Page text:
Destinations

Tweeting and Singing Astronaut Pitches for Tourism Ireland

Jan 10, 2014 10:30 am

Skift Take

That the retired astronaut is working with Tourism Ireland is a nice thing. We’re unsure, though, how effective he’ll be as a booster now that that he’s riding around County Donegal instead of rocketing around outer space.

— Dennis Schaal

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Chris Wattie  / Reuters

Canadian Space Agency astronaut Chris Hadfield, the commander of the International Space Station (ISS), is seen on a screen holding the new Canadian five dollar bill, made of polymer, while on a mission in space, as he takes part in a video conference during an unveiling ceremony at the Bank of Canada in Ottawa April 30, 2013. Chris Wattie / Reuters


Chris Hadfield, the former commander of the International Space Station, will be featured in a series of short films to promote Ireland as a tourist destination.

The Canadian astronaut, who shot to fame on Twitter last year for posting pictures and videos from his space station, including his rendition of David Bowie’s ‘Space Oddity’, arrived in Ireland on Thursday for a five-day tour of the country, tweeting: “Good Morning, Ireland! Happily headed to Dublin and Belfast, hoping to learn a cúpla focal (a couple of words).”

The retired astronaut, who became the first person to tweet from space using the Irish language, said the Irish interest in his photographs and his daughter’s happiness in making Dublin her home, convinced him to help promote the country.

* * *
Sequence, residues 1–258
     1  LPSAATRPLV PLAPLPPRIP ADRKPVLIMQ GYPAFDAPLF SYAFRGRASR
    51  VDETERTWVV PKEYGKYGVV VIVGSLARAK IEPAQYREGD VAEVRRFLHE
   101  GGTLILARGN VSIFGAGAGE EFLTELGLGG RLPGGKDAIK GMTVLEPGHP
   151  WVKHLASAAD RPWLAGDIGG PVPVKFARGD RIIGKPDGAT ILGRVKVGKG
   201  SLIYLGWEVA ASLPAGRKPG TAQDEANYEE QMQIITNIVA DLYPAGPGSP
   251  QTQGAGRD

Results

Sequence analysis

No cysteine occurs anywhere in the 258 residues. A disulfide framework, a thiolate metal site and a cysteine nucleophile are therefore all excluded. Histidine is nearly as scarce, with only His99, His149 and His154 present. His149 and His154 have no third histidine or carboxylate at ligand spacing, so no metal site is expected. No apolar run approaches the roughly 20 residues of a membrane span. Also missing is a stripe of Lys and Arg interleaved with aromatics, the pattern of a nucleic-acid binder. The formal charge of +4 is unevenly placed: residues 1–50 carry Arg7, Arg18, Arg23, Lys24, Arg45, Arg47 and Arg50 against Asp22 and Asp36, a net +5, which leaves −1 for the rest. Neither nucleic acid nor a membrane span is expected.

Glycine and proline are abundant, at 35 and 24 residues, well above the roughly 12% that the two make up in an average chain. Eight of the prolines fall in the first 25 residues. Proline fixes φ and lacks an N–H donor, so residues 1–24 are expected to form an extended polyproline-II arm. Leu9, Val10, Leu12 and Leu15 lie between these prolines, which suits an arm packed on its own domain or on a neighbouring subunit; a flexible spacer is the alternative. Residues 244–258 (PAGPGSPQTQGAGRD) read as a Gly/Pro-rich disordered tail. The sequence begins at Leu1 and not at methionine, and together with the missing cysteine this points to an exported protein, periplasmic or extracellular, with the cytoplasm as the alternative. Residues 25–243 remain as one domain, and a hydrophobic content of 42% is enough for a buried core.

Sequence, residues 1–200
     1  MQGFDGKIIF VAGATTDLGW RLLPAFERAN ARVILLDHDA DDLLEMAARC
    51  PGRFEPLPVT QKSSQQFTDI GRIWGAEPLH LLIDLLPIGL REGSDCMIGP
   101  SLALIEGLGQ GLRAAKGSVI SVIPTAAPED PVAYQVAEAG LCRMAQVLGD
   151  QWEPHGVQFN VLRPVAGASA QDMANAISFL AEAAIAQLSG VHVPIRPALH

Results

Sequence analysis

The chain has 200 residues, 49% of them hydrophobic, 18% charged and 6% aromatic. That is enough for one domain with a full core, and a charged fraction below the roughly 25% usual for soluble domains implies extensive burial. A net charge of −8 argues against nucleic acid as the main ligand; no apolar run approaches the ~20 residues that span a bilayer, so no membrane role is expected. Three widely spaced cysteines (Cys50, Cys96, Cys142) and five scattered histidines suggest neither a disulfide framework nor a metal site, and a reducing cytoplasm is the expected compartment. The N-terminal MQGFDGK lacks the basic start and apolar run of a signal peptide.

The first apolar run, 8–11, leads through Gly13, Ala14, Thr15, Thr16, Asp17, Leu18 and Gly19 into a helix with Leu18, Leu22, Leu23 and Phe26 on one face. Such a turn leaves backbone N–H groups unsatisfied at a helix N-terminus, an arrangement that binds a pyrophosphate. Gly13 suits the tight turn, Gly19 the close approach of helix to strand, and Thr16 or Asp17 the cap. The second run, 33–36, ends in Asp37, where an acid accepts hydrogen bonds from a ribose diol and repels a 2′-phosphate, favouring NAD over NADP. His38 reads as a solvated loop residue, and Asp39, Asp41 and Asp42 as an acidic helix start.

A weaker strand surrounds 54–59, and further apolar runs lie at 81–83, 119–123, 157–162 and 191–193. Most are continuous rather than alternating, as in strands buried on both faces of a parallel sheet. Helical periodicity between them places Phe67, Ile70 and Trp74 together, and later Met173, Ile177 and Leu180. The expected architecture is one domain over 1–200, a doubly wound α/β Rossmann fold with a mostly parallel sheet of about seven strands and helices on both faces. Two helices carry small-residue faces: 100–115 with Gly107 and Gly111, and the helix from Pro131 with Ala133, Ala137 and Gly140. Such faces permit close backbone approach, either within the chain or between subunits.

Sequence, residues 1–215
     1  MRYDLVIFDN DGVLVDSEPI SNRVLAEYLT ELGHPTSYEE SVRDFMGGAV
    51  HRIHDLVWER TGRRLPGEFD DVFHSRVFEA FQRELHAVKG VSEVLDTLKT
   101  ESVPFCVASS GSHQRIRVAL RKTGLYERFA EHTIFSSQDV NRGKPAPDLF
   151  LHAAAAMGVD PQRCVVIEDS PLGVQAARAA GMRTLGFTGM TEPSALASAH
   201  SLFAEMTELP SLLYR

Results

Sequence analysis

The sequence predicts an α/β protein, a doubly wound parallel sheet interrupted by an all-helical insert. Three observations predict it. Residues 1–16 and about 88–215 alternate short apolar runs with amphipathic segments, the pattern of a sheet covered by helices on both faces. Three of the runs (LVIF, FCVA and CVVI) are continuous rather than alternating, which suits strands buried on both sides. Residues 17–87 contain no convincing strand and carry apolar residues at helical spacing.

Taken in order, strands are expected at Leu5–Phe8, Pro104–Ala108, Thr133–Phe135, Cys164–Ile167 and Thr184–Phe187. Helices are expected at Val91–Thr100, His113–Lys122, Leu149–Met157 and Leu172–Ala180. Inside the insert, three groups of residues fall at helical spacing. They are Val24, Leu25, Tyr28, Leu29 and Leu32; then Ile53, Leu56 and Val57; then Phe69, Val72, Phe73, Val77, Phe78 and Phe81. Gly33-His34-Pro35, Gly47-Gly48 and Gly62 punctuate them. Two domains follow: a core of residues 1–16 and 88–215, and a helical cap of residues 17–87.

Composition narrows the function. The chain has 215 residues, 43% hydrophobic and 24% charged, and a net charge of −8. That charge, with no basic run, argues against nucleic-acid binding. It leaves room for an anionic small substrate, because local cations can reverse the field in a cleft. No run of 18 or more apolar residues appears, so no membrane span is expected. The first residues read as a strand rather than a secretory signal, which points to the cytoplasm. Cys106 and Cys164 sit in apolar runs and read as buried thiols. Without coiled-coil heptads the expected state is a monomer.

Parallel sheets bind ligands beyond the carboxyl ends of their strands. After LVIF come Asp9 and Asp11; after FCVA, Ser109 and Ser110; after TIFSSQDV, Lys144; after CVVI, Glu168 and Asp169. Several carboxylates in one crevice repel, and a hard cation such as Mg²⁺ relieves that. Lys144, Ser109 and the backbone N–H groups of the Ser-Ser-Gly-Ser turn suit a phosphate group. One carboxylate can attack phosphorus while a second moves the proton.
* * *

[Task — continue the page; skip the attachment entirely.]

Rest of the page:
“To be able to take pictures of Ireland like nobody else can do and share them was a lovely unexpected delight,” he said.

“I don‘t think you have to be from somewhere to appreciate it and maybe a stranger’s set of eyes will help other people see it even better. I’m just delighted. I’m happy to meet as many people as possible over the next few days,” he added.

Highlights from his tour of Ireland will include learning how to speak Irish during a visit to County Donegal and trying to play the Irish sport of hurling while visiting Dublin’s Croke Park, the headquarters of the Gaelic Athletic Association (GAA).

His five-day visit, which also includes a trip to Armagh and the Glens of Antrim, will be documented by Tourism Ireland in a series of three short films aiming to showcase Ireland’s “spectacular scenery”, Gaelic games and visitor attractions, such as the Titanic Belfast and the Guinness Storehouse in Dublin.

“Chris is an enormously popular, global figure and I am confident that our films of his visit to Ireland will be seen and shared by millions of potential holidaymakers around the world – inspiring them to come and sample the destination for themselves,” said the Irish Tourism Minister, Leo Varadkar.

“Having seen Ireland from space, it’s great to be able to give Chris Hadfield a closer look at what Ireland has to offer on the ground,” he added.

Earlier this week, the astronaut revealed that the place that most appealed to him from the International Space Station was the wine country of New Zealand.

Hadfield, who came back to Earth last May, retired in July last year and returned to live in Canada.

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